Fig.5 Thiel CS3.7, vertical response family at 50", normalized to response on listening axis (6" below tweeter), from back to front: differences in response 205° above axis, reference response, differences in response 510° below axis.
The black trace above 300Hz in fig.6 is the CS3.7's farfield response on this optimal axis, averaged across a 30° horizontal window. The response smoothly and gently slopes up between the midrange and the top octave. Not only will this boost the measured sensitivity a little (see Keith Howard's article on assessing loudspeaker sensitivity in Hi-Fi News, October 2008), but all things being equal, I would have thought it correlated with WP's observation that Thiel speakers tend toward "a hyperarticulation that a less charitable listener might call brightness." Except that he found that the CS3.7 didn't conform to that generalization. The black trace below 300Hz in fig.6 is the complex sum of the nearfield responses of the midrange unit (green trace), woofer (blue), and passive radiator (red). The peak in the midbass will be almost entirely due to the "2pi" boost that results from the nearfield measurement technique; the CS3.7 will be flat anechoically down to 35Hz or so, lower than I had anticipated from WP's auditioning notes. The crossover from the midrange to the woofer occurs around 300Hz, though the use of first-order filters results in a large amount of overlap, of course. The passive radiator is tuned to the frequency of the woofer's minimum-motion notch at 31Hz, with a well-defined bandpass output.
Fig.6 Thiel CS3.7, anechoic response on listening axis at 50" without grille (black), averaged across 30° horizontal window and corrected for microphone response, with the nearfield responses of midrange unit (green), woofer (blue), and passive radiator (red), plotted in the ratios of the square roots of their radiating areas below 500Hz, 750Hz, and 350Hz, respectively, and the complex sum of nearfield responses plotted below 300Hz (black).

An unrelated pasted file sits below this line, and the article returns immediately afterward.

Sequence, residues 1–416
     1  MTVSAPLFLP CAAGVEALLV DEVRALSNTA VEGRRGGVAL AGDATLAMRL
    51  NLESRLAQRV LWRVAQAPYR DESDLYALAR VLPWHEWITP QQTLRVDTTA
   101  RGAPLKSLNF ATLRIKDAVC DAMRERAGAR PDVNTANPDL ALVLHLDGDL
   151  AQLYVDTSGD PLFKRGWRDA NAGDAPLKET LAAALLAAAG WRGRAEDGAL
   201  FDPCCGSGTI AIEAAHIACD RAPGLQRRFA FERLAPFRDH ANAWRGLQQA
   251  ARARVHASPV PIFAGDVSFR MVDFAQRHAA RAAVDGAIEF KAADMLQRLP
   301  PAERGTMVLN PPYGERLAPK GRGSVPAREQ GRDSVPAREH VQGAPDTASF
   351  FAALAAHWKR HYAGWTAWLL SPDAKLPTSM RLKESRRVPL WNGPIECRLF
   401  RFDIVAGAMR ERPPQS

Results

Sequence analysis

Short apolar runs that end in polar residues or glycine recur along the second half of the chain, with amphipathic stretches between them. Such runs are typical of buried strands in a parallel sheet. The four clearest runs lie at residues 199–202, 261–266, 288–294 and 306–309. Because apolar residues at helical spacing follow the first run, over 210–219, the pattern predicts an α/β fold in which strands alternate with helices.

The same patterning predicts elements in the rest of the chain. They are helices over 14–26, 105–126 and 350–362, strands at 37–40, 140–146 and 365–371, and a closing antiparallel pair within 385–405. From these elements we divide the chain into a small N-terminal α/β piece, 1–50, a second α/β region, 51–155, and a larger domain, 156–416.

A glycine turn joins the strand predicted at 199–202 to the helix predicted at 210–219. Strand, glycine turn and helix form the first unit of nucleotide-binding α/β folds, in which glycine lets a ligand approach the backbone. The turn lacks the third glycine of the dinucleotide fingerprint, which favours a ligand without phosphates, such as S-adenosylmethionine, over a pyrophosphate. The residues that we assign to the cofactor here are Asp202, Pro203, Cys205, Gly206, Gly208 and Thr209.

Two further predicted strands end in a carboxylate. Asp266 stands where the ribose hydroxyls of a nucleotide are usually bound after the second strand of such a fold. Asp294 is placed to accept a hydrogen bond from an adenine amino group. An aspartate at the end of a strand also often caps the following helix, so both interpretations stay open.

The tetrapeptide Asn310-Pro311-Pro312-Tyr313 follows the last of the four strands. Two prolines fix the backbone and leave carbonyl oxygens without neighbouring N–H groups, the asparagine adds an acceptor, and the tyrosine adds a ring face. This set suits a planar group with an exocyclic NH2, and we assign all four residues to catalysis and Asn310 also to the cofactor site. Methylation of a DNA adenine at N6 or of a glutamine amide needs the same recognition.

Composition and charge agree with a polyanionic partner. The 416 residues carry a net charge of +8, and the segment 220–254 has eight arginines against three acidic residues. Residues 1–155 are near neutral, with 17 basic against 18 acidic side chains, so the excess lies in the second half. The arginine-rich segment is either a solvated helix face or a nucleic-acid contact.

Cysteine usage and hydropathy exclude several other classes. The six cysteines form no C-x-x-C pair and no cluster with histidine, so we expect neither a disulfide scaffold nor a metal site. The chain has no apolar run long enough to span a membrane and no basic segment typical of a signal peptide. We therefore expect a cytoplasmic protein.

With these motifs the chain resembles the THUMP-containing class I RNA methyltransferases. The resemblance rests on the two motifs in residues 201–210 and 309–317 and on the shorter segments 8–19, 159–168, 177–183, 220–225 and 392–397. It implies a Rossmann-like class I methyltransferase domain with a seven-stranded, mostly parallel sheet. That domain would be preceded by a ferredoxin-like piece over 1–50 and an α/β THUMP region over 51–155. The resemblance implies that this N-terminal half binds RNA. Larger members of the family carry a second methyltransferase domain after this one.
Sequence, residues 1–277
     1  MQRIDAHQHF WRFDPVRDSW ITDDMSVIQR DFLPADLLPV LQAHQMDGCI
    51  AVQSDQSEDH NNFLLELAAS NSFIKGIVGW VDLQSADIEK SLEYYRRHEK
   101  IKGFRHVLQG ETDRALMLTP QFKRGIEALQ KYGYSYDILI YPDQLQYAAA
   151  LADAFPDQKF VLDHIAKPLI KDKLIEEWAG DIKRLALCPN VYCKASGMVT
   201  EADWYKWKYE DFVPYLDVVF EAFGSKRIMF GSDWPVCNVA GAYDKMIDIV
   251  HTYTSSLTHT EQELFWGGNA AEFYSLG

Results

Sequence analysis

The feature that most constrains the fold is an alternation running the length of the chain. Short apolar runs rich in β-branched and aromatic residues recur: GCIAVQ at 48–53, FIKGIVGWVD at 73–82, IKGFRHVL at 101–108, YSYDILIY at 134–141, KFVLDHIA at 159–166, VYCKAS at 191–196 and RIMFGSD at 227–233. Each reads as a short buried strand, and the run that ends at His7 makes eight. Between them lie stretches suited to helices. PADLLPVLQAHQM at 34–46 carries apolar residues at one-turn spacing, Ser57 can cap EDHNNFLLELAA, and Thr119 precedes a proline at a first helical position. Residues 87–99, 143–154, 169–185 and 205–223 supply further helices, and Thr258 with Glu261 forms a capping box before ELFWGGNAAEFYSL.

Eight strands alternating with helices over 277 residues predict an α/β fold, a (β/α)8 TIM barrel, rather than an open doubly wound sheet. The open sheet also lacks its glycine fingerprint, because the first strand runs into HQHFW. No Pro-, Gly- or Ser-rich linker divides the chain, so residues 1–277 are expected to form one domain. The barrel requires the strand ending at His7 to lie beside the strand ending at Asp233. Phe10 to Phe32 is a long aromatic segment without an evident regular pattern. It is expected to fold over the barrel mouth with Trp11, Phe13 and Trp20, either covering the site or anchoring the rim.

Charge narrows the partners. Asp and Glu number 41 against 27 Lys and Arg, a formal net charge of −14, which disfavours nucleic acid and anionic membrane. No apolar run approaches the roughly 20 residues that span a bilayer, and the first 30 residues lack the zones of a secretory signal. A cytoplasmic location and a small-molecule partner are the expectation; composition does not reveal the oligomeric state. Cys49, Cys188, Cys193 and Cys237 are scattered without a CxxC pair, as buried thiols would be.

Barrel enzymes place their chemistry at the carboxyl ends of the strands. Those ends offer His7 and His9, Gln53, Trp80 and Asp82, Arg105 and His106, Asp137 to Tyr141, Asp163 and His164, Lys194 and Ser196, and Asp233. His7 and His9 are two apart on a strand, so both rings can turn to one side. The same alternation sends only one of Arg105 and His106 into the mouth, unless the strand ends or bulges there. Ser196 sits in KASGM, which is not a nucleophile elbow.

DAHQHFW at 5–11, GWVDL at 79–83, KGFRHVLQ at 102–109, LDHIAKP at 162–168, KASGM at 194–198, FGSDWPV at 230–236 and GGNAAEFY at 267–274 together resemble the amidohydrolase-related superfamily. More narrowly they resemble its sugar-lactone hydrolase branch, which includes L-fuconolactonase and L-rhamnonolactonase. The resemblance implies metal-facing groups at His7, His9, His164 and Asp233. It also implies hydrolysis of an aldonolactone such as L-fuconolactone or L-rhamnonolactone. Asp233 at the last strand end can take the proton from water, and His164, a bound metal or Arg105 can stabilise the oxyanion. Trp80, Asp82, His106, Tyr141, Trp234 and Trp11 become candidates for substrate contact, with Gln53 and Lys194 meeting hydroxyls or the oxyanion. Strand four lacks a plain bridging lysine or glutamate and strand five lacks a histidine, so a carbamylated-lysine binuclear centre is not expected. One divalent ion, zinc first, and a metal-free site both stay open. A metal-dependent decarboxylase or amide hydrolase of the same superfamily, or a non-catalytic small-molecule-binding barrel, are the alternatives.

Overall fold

A speaker's horizontal dispersion will also affect its perceived balance. The CS3.7's dispersion, shown in fig.7, is remarkably even between 800Hz and 10kHz, something that always correlates with stable, accurate stereo imaging. But it also means that the Thiel is putting out a lot of treble energy into the room; acoustically well-damped rooms will work better than live ones. WP's room is fairly large, with quite a lot of absorption at high frequencies. The Thiels' spatially averaged response in his room (fig.8) gently rolls off above 7kHz, due to the increasing absorption of the furnishings in this region, but is superbly smooth and even between 200Hz and 7kHz. The depression between 100 and 200Hz and the peak between 60 and 100Hz are room-acoustics effects that have not been eliminated by the spatial averaging, and the speakers roll off a little earlier in the low frequencies than I had expected from the quasi-anechoic measurement, confirming WP's feeling that the speaker falls a little short in the low bass.
Fig.7 Thiel CS3.7, lateral response family at 50", normalized to response on listening axis, from back to front: differences in response 905° off axis, reference response, differences in response 590° off axis.
Fig.8 Thiel CS3.7, spatially averaged, 1/6-octave response in WP's listening room.
Finally, the CS3.7's farfield cumulative spectral-decay plot (fig.9) reveals a superbly clean, fast initial decay, though with some low-level hash visible in the treble.
Fig.9 Thiel CS3.7, cumulative spectral-decay plot on tweeter axis at 50" (0.15ms risetime).
Speakers using first-order crossover filters have very often had some frequency-domain problems to put against their ability to present a time-coincident wavefront over a wide bandwidth. But the Thiel CS3.7 manages to offer the best of both worlds, and offers its owner some excellent speaker engineering in a beautifully finished package.John Atkinson